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Unread 07-20-2009, 01:22 AM   #1
Zack1973
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I need help with building a steam shower

Hello

I am building a steam shower in my basement and would like some advice in regards to what i have done so far and what my next steps are.

So Far i have done the following
installed new framing with a slanted ceiling (to avoid water drips)
installed a vapor barrier around the entire enclosure (ceiling and walls) before the durock
Shower base was pre-slanted with sand mix,then installed liner then another bed of sand mix. correct drain was used.
Installed durock on ceiling/walls and used thinset to tape all the corners and joints.


do i need to apply redgaurd to the durock before i install the tiles on the ceiling and walls. and if i use durock do i just start tiling after it dries. will the thin set hold on the redgaurd. also what kind of grout is recommended for a steam shower?
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Unread 07-20-2009, 08:39 AM   #2
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What'd you use for a vapor barrier? And how is it tied into the liner in the shower base? Is it 6 mil poly sheeting run down continuously into the inside of the liner?

if the vapor barrier and shower liner are tied properly together to constitute waterproofing, you may be all done w/ no further RedGarding. Adding that might make a double waterproof layer, called a "moisture sandwich" which is advisable to avoid.

Also:
- What kind of tape did you use? FibaTape alkali-resistant mesh?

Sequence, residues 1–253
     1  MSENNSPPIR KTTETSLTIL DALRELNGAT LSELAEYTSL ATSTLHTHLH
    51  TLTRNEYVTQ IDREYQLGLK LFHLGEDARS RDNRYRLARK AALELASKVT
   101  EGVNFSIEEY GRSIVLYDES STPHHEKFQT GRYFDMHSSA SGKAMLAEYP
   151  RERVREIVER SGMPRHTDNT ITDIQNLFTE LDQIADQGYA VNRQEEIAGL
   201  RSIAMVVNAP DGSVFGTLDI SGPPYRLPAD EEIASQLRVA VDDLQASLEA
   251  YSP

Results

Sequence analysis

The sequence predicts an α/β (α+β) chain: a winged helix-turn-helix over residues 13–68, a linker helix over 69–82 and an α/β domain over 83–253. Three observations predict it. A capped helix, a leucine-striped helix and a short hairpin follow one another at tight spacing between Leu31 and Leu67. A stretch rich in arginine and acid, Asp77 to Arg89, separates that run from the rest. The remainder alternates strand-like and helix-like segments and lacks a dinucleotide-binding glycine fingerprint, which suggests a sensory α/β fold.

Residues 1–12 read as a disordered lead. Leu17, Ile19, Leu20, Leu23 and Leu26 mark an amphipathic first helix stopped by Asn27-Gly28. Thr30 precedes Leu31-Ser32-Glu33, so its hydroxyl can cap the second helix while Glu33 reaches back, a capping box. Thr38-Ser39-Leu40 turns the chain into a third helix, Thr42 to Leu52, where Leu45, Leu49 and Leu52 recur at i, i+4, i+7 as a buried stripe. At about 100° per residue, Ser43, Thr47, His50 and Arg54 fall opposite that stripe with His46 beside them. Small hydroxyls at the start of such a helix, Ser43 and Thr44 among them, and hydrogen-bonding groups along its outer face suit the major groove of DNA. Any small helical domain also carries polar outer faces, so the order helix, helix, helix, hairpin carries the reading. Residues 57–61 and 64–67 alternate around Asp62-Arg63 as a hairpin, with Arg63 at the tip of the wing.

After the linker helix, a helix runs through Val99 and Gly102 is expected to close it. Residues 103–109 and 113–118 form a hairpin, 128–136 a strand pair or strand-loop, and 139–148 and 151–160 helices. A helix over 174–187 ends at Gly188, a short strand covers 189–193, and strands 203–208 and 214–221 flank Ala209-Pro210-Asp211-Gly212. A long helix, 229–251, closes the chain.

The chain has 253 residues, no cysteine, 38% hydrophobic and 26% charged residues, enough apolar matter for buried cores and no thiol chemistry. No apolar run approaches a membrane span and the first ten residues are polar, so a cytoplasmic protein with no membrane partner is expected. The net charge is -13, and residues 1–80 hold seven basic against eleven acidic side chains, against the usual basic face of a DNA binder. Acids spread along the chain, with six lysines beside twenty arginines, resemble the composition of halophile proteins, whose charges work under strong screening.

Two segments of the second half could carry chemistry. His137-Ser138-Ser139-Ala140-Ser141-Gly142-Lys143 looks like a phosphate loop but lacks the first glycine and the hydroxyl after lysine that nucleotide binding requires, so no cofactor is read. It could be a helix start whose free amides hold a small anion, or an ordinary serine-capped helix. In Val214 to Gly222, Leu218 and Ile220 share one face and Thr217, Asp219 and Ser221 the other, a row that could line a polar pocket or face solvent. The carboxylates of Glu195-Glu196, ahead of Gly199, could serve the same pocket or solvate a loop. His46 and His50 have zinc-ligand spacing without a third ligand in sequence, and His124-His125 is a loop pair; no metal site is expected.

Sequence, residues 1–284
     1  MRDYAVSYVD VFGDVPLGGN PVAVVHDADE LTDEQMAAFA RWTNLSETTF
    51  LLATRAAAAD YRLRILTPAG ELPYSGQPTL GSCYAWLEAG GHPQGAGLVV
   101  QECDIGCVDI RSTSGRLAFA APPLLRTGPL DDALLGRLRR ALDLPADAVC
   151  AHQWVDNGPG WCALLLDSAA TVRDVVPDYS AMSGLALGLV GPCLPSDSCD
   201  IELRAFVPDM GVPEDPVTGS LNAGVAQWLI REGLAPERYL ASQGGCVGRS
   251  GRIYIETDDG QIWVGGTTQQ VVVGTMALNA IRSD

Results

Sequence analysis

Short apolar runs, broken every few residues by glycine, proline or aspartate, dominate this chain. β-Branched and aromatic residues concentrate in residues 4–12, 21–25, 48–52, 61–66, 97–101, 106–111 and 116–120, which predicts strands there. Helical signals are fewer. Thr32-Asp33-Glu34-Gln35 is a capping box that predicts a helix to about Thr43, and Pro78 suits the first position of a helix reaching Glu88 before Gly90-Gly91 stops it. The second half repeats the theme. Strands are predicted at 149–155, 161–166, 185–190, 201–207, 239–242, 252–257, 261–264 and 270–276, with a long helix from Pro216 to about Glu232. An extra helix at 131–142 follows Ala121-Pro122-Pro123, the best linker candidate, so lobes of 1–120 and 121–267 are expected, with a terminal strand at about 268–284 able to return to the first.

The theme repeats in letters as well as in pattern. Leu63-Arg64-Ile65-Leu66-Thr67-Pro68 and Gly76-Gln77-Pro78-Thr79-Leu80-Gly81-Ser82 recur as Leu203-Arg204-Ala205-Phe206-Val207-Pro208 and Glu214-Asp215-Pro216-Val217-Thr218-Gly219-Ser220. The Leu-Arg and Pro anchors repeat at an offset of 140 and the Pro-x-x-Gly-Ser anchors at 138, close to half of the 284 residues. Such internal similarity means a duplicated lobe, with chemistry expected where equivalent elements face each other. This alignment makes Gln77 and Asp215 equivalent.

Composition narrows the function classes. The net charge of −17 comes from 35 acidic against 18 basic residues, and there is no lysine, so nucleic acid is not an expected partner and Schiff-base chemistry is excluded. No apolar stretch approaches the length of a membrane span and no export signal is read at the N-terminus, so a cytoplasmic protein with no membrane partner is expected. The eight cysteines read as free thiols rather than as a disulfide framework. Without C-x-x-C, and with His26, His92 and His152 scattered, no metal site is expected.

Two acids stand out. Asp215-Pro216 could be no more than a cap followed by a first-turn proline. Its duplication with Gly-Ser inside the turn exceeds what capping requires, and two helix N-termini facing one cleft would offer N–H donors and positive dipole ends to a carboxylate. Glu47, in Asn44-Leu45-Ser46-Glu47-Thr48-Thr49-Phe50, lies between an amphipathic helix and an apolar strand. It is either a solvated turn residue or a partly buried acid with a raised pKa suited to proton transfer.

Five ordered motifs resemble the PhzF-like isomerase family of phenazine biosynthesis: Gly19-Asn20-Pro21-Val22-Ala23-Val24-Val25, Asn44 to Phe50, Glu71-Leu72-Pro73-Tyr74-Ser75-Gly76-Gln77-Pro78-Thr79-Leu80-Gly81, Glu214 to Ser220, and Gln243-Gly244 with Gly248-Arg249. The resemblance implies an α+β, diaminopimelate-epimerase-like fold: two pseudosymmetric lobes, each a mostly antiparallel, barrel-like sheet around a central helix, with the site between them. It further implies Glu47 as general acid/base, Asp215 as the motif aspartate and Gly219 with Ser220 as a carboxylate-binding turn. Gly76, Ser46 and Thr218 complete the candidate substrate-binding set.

- What kind of thinset was used in the taping? (modified? unmodified?)
- Were the Durock sheet joints gapped when installed?

Again - RedGard doesn't seem to be req'd in this instance. But if you do use it, yes - once it dries, you can apply your modified thinset and tile work right over it. I'll let someone else more knowledgable than me (read: everyone?) pontificate on the merits of specific grouts for steam showers...

Good luck w/ your big project!
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Unread 07-20-2009, 12:56 PM   #3
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Edthedawg

thanks for the reply

this is what i did, i got 6 mil plastic (not sure is its called poly sheet) from home depot. the box said vapor barrier. the sheets came all the way down and over lapped the into the inside of the liner. i used some redgaurd to cover the nails i used to secure the plastic into the studs. the durock was gapped and i used fiber tape. the think set was the premixed type so not sure about modified or not. what is the difference ? i
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Unread 07-20-2009, 01:08 PM   #4
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Dang you were doing so well - right til the end. Pre-mixed thinset? You gotta grab the can and relay exactly what kind / brand it is. Pre-mixed tile adhesives / mastics have no business being in a steam shower a lot of the time.

Thinset needs to be a mixed on-the-job material (powder mixed w/ water). They can get pretty exotic, and you may well want one of those fancy types for your shower. But the basic stuff a lot of DIY'rs use is HD's Versabond, assuming you're using HD for your supplies.

VB is a polymer-modified thinset mortar. FlexBond is a heavily modified version - probably not what you want for this application. Again, I'll hold off on specific thinset or grout recommendations since I'm no steam shower expert. But your note of using pre-mixed anything raises more than an eyebrow
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Unread 07-20-2009, 07:15 PM   #5
Brian in San Diego
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Zack,